Orangutans are the only great apes to occur outside of Africa, and are the largest arboreal mammals in the world.
They are extremely intelligent, and have shown evidence of tool use and culture – traits once believed to be uniquely human. Despite being one of our closest relatives, human activities are having a devastating impact on the Sumatran orangutan and its habitat. They are the slowest breeding of all mammals, with mothers caring for their young for up to 7 years. With such a low reproductive rate, even a small decrease in numbers can lead to extinction. There are only two species in its genus Pongo, the other being the Bornean orangutan. They show more tool-use than their Bornean sister species; collecting a ‘toolbox’ over their lives. Its major threats include the destruction of its lowland rainforest habitat into palm oil plantations and agriculture, logging for timber, creation of new roads as well as some being killed by humans, or taken into the illegal pet trade. Concerted conservation efforts are needed to prevent this peaceful primate from being the first great ape to become extinct in the wild.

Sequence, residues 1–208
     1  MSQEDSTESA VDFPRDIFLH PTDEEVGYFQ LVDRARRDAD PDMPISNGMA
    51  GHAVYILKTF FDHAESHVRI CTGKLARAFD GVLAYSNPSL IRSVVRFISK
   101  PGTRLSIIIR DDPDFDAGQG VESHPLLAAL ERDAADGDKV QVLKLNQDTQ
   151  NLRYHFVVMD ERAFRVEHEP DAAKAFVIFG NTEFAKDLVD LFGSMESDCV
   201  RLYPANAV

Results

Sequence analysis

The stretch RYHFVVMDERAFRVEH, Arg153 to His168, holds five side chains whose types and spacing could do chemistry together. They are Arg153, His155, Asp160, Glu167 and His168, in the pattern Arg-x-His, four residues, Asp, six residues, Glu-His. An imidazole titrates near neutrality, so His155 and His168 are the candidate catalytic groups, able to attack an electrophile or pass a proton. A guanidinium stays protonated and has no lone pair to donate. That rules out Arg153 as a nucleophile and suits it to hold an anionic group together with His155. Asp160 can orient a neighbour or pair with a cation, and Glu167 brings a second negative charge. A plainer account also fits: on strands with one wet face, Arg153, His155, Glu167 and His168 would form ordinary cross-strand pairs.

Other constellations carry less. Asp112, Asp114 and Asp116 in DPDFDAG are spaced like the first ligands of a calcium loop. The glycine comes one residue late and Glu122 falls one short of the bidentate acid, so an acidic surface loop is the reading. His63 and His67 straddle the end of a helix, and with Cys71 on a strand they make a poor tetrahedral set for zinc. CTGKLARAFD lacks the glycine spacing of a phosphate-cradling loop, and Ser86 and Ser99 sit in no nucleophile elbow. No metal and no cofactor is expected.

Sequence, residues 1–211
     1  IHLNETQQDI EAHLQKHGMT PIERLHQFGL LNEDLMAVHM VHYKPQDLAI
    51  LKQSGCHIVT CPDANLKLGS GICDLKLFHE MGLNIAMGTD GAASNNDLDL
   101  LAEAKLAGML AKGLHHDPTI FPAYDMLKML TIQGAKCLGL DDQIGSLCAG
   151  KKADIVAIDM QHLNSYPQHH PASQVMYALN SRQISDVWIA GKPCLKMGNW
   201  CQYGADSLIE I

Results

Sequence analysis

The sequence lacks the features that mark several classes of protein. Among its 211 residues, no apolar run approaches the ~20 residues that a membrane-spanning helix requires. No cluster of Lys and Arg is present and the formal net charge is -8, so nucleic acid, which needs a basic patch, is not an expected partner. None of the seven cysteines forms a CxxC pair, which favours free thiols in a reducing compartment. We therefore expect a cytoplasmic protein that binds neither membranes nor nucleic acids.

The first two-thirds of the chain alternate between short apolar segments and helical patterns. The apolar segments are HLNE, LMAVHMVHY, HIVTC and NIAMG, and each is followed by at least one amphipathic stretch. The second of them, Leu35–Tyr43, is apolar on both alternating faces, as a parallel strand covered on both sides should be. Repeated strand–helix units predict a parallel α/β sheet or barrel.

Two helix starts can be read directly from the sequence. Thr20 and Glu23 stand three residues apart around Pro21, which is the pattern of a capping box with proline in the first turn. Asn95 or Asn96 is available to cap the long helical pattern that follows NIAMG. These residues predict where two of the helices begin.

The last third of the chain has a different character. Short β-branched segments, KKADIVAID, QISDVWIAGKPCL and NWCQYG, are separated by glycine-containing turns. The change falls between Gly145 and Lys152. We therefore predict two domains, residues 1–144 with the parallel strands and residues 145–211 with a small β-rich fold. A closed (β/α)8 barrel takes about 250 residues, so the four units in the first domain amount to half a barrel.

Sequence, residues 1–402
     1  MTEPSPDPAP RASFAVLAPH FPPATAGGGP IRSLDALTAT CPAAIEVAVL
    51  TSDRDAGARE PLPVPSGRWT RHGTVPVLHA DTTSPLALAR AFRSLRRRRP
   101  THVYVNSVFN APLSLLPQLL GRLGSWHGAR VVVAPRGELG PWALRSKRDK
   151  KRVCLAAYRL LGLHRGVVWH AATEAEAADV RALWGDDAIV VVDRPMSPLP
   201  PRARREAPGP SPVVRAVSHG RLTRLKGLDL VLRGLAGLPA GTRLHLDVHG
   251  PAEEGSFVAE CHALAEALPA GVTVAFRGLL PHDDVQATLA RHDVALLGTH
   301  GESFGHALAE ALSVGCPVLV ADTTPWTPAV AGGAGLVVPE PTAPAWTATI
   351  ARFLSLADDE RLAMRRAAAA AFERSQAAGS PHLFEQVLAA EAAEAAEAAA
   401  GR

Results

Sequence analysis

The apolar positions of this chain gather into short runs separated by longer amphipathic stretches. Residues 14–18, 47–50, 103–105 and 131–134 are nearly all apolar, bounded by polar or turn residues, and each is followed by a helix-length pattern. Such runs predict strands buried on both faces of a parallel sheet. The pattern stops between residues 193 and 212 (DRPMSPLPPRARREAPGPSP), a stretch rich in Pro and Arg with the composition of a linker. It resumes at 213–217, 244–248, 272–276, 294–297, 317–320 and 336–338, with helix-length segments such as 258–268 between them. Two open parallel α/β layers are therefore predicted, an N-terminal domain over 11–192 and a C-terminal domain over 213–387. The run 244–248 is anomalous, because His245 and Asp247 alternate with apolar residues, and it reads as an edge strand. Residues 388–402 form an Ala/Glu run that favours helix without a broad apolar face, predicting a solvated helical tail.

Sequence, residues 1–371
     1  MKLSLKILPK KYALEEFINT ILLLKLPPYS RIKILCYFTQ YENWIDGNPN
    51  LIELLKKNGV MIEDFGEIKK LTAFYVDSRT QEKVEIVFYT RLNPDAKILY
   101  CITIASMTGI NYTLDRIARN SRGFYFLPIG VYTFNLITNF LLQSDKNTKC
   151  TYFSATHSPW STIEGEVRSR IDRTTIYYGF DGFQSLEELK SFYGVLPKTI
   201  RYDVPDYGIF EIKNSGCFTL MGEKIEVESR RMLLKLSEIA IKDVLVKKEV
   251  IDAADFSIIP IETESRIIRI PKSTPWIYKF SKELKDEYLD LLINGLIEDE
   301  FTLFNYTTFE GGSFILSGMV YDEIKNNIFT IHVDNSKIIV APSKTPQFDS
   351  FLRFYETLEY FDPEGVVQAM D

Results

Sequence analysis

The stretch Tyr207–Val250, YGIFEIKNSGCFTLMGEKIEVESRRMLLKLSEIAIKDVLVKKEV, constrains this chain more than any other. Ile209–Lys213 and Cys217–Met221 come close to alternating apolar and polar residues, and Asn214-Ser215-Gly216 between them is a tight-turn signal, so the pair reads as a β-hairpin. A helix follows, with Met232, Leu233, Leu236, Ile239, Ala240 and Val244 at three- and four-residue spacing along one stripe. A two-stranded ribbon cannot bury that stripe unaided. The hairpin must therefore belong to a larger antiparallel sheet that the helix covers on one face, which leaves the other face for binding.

- Order: Primates
- Family: Hominidae
- Population: 14,613
- Trend: decreasing
- Size: 1.4m
- Weight: 100kg
Only found in pockets of forests on the islands of Borneo and Sumatra. The Sumatran orangutan is restricted to remaining patches of rainforest in northern Sumatra, Indonesia. Most remaining populations occur in and around Gunung Leuser National Park near Aceh; a protected area around 10,950km² in area.
Habitat and Ecology
These organgutans inhabit lowland tropical rainforests and swamps up to 800m above sea level. They are almost exclusively arboreal, unlike the Bornean orangutans who travel on the ground more often. They primarily eat fruit, though they also eat leaves, seeds, flowers, insects, bark, and infrequently the meat of slow loris.